Through 155 episodes, 4Kids’ 2003 Teenage Mutant Ninja Turtles managed to maintain a relatively consistent high quality, but not by committing to the tone of the comics – by committing to itself.
The one thing that every good cartoon needs isn’t great animation, tight storytelling, excellent art direction, or appealing characters. Sure, all of those are desirable, and every creative team should aspire to achieve those goals, but the number one thing necessary to a sustainable, enjoyable cartoon is commitment. Cartoons are, almost by definition, so loose and free and unrestrained, that any ridiculous, unrealistic premise can take surprising form and shape if everyone on board commits to the idea(s) and the ideal(s) of the cartoon. Commitment isn’t something you can put on paper or thrust into a few characters. Everyone has to agree to the set-ups AND the various plot catalysts that are inherent in the show’s premise. Everything that does happen, no matter how crazy, has to somehow come back the the core nature of the show and its characters.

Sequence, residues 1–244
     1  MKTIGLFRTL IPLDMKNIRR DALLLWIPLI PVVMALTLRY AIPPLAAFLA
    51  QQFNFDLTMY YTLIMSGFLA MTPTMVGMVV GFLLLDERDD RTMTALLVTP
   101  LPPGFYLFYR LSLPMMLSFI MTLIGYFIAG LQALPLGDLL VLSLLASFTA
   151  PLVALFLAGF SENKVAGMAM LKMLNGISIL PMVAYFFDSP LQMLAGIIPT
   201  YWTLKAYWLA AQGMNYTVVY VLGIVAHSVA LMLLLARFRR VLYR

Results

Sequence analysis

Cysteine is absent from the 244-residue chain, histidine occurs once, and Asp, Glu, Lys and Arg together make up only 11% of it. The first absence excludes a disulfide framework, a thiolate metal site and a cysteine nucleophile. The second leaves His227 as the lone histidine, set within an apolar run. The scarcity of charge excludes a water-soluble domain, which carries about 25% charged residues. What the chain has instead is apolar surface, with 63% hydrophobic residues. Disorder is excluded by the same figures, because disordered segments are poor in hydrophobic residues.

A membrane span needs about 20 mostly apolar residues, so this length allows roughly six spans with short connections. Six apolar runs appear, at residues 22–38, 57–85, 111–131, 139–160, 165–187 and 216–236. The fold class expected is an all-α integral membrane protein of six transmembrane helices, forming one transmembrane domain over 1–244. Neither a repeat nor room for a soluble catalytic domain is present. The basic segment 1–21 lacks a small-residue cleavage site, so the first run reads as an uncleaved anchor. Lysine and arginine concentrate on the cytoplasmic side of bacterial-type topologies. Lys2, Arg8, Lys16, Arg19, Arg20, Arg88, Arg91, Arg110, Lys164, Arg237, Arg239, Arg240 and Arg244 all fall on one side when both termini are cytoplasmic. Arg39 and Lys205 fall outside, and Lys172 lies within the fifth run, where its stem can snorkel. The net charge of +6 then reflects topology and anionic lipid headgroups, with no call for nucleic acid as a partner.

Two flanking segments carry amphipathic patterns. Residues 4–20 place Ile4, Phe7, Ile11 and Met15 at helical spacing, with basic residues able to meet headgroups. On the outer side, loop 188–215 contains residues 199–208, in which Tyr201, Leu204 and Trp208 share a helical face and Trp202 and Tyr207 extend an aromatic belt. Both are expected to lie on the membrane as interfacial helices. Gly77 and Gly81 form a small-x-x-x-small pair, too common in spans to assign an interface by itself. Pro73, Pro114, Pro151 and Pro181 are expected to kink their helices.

This is a roundabout way of explaining why basically the 2003 version of Teenage Mutant Ninja Turtles managed to maintain a high (well, appealing) quality through its seven season, 155-episode run. Whether shooting the four brothers across space, cyberspace, dimensions, time, pseudo-time, dream-scapes, or whatever crock-pot crazy story the writers cooked up, the show never shied from some core, committed basics: the natural characterizations of the four brothers and their pseudo-father (and their rich, always-potent familial connection); the intense, well-done action scenes; the unique seasonal choices that threw the cast into unique and varies circumstances; the myriad of diverse, outlandish characters that popped in and out of the turtles’ lives. SO much happened in Teenage Mutant Ninja Turtles during its entire existence, but whatever DID happen, the writers and animators were committed to it. Even its weakest, wackiest premises were given solid, well-told stories: with seven season and one final TV-movie to muck things up, I’d be hard-pressed to declare any season or arc as an abject failure (and I’ll get more into that during this review).